Everyone is welcome, and please bring your friends.

Before the plagues begin, God tells Moshe, “I am going to make you a god to Pharaoh.” Everyone needs some certainty, some greater power or value than themselves. Pharaoh thought his Egyptian gods were that certainty. But God told Moses that in the end, when Pharaoh lost confidence in his own system, he would come to realize that Moses was greater than he was.

The ten plagues slowly but steadily undermine Pharaoh’s supreme and absolute authority. All the things he relied upon to sustain him as the most powerful human being of his era, were attacked. Starting with his dependence on magic, then the River Nile and from water to land, then air, until finally death. All the things they depended on. Everything they had faith in. The process was one of removing all sense of control over the universe. How else could a nation of downtrodden slaves challenge the mightiest power?

But as we have seen, it is possible for the most incompetent, venal and cruel despots to hang on to power. After the plague of locusts, the servants of Pharaoh said to him “How long will we be held to ransom by these people. Let them go and worship YHVH their God before Egypt is destroyed.” Pharaoh could maintain his grip on power through force and fear. But once the ordinary people begin to doubt him and wonder whether he knows what he is doing, the end is in sight.

Even so, the Torah describes a process that takes time. Bad people and bad States do not always change right away. Slavery in Egypt lasted for three hundred years. The Roman Empire lasted for some four hundred years. Communists controlled Russia from 1917 till 1991. Venezuela has been suffering and Chavez and Maduro since 1997 and Iran under the Mullahs since 1979. But when the masses begin to rebel, the end is inevitable even if it takes time.


Shabbat Shemot

Candles - January 5th @ 4:23pm
Havdalah - January 6th @ 5:20pm

Pharaoh’s daughter is a remarkable character in a period of amazing, strong women. Ziporah , Moses’s wife supported and protected him. Yoheved, Moses’s mother defied the order not to have male children or to kill them. Miriam his sister played a role in keeping an eye on him in his hiding place and then acted as an intermediary to ensure that Moses was taken care of by his mother. Not to mention the midwives.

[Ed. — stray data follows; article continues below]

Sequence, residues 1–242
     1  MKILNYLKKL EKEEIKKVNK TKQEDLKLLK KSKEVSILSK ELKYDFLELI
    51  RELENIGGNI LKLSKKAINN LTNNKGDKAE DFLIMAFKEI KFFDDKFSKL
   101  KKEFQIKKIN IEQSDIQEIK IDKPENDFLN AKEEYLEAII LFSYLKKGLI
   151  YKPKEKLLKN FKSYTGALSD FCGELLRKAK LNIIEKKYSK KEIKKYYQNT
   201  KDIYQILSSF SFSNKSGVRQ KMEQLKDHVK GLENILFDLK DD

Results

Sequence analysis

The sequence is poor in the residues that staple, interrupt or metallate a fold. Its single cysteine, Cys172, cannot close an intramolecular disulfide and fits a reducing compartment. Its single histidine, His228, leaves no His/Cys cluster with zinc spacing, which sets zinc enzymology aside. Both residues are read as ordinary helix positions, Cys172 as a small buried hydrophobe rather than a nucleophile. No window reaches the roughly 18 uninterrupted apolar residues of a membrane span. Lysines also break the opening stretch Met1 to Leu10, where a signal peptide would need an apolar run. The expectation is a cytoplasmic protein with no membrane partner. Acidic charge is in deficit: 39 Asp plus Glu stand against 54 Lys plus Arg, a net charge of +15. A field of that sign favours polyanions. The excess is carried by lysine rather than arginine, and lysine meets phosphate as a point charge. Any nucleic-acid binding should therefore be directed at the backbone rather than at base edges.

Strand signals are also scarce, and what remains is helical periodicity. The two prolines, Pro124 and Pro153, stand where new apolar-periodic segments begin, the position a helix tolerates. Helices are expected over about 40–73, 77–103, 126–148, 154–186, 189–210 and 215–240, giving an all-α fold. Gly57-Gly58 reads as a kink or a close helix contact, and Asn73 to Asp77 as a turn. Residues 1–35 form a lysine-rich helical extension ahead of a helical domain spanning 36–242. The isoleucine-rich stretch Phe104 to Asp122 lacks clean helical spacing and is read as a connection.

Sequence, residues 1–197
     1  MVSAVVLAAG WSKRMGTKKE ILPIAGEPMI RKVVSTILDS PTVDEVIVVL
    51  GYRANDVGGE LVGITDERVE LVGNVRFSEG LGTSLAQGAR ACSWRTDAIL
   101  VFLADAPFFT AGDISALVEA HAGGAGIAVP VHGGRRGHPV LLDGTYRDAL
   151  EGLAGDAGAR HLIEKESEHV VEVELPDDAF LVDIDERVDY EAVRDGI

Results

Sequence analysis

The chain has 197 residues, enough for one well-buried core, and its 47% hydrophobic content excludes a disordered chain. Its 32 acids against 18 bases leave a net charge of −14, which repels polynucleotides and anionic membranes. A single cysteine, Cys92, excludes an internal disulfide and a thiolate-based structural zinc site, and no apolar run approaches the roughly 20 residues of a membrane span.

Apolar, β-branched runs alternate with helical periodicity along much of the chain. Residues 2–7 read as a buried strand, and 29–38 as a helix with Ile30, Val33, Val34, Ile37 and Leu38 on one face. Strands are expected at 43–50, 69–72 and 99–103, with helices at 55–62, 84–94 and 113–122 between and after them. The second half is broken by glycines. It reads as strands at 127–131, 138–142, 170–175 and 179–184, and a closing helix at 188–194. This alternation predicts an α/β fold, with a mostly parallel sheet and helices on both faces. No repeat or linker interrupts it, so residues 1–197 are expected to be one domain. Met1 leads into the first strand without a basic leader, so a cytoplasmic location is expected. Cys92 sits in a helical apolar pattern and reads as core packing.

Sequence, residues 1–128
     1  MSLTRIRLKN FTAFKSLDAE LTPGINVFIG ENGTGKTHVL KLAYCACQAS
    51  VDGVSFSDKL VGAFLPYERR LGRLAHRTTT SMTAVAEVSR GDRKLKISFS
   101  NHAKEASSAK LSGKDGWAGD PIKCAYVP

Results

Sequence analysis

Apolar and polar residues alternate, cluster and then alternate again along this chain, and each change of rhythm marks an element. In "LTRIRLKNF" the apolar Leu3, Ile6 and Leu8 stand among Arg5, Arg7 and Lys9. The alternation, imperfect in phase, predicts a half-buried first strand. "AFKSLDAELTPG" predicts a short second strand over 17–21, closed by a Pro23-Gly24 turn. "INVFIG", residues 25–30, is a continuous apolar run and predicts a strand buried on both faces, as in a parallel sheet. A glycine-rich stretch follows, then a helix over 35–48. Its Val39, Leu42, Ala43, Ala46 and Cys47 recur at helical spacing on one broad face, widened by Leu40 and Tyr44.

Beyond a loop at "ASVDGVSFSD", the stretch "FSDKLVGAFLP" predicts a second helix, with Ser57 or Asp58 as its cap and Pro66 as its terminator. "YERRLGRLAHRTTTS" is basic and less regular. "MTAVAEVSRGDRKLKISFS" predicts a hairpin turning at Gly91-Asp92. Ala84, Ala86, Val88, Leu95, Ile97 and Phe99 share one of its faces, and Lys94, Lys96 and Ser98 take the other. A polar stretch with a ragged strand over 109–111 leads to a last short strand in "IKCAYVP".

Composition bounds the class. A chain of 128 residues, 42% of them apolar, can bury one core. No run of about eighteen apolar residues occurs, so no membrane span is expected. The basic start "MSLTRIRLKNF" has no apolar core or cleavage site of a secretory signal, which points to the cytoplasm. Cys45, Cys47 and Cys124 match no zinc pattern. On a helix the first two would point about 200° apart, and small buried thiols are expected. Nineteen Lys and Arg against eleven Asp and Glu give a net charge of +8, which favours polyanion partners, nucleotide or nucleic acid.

Pharaoh’s daughter defied her father. She knew Moses was an Israelite baby but adopted him as her own. Interestingly there is a debate as to whether the name Moses was Egyptian, based on an ancient Egyptian word for water, Moos. This is why the Midrash says that he also had a Hebrew name which was Yekutiel. Other Midrashim say that he had seven different names and each one of his family called him a different one. Or whether Moses was a Hebrew name that she intentionally gave him. As the Torah says, deriving from the Hebrew ”to pull out” of the water. In which case where did she learn Hebrew?

Much later, in the Book of Chronicles, Pharaoh’s daughter is called Bitya, the Daughter of God. A nice Jewish name. When she went down to the river it was as part of the ceremony of conversion and the river was a Mikvah. She had already committed to Judaism when she found Moses and brought him up to know his background and to be a leader of his people. Which is why the Torah said that although he was brought in the Palace, he went out to see what was happening to “his people".

Imagine the courage it must have taken to defy the most powerful monarch in earth. This story is part of an important theme of how crucial women have always been in the struggle for Jewish survival. It is not just the personal character and fortitude of women but also their roles in determining the character of the home. Which is why marrying someone committed to the religion for its own sake is so essential for Jewish survival.